It's extraordinary that at this stage of the electoral cycle, and after years of a pretty miserable economy with further cuts coming, the opposition party should be less than 10 per cent ahead. Were it not for the continued strength of UKIP, we'd be confident of seeing Cameron remain in Downing Street.
Perhaps it's not so surprising when one considers Ed Miliband's recent interview for The Guardian. In a new effort to relaunch his offensive, he invoked Labour policy on sardines in 1945: “This is a government that banned the import of sardines because they were worried about the balance of payments. It shows a government can be remembered in difficult times for doing great things.”
The point is entirely reasonable and interesting, but the audience for it is tiny. Who outside academia could engage with this?
The fact is that politicians no longer know what to say to us. Their most momentous pronouncements are: "We'll do the same as the other lot". That's what Ed Balls told us when he announced Labour would stick to the reduced Conservative spending plans, and what Osborne said before him when he promised the Conservatives would mirror Labour's.
Saying something new is dangerous, saying the same thing as before – even invoking the micro-policies of 1945 on imported small fish – feels safe. Saying the old things means nobody really notices you, and that is better these days than being seen to get things wrong.
Meanwhile, the public moves on. YouGov recently conducted a survey in four European countries, presented today in The Times (£). We asked voters if they agreed that their main centre-left party "used to care about people like me"; in Germany 52 per cent agreed, in Britain 51 per cent, in Sweden 49 per cent, and in France 36 per cent.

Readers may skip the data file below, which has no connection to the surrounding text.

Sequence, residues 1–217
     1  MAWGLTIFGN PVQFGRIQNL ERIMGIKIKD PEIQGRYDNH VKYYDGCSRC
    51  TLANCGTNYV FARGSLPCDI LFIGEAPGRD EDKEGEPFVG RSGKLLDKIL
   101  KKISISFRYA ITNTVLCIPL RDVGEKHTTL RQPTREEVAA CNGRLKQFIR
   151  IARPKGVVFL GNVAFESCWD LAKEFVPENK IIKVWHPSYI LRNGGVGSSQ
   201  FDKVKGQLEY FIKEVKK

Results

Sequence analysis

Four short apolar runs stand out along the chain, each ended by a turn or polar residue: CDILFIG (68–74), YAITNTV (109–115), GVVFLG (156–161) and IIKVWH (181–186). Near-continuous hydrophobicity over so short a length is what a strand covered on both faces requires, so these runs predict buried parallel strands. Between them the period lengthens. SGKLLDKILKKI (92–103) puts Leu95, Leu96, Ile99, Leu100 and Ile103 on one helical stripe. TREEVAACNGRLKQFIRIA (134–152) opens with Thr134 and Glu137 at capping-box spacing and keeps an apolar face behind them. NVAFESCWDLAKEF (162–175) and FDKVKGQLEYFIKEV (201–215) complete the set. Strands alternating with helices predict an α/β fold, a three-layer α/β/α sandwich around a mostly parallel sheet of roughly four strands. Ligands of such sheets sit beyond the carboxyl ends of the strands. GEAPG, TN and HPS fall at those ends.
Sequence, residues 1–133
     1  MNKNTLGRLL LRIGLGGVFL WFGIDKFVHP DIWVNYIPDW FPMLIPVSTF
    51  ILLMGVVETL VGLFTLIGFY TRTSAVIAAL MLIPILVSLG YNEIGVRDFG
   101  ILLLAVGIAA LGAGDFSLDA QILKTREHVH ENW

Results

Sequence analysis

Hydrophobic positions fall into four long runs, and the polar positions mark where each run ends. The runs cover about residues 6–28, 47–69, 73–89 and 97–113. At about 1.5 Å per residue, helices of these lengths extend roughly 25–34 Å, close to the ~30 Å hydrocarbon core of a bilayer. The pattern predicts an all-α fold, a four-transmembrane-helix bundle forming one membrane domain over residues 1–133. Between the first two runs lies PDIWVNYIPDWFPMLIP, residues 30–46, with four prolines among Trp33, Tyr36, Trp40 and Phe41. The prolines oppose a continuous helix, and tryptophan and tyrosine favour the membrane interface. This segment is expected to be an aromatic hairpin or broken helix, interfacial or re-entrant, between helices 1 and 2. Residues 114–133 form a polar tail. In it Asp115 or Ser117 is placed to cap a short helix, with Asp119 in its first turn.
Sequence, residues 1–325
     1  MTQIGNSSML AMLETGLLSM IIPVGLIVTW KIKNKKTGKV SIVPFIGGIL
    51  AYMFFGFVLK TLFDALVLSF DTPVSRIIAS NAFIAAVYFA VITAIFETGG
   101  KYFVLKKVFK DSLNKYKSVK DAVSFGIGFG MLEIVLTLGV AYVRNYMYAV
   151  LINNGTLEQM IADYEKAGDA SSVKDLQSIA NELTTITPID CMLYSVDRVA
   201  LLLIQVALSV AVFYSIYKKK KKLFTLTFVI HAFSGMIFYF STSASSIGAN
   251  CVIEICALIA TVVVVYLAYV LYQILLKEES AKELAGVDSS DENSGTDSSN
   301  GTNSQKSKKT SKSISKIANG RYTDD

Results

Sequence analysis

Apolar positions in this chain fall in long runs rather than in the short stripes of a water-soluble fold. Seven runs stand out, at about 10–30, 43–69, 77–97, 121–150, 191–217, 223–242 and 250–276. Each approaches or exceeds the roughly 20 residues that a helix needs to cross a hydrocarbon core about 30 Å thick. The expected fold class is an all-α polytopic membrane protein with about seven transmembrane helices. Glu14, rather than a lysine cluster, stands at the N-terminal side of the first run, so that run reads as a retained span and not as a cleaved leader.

But in all four countries, the proportions for the same parties caring NOW are considerably lower: Sweden’s Socialists are down 13 per cent; Britain’s Labour Party is down 19 per cent; France's is down 16 per cent, in Germany, the proportion who regard the Social Democrats as caring for people like them has collapsed by more than half, down to 24%. As Peter Kellner notes: “left-of-centre parties are suffering a decline in faith in politics as a whole. The equivalent figures for right-of-centre parties are also down. But in each of the four countries they are down by far less. German’s Christian Democrats are now more widely thought to care than the Social Democrats”.
Belief in the power of the state to provide a better future is weakening across Europe. It leaves Labour confused about what their offer might be, and falling into a kind of silence; and gives the Conservatives more options to emerge from their own purdah, and speak of bolder reform.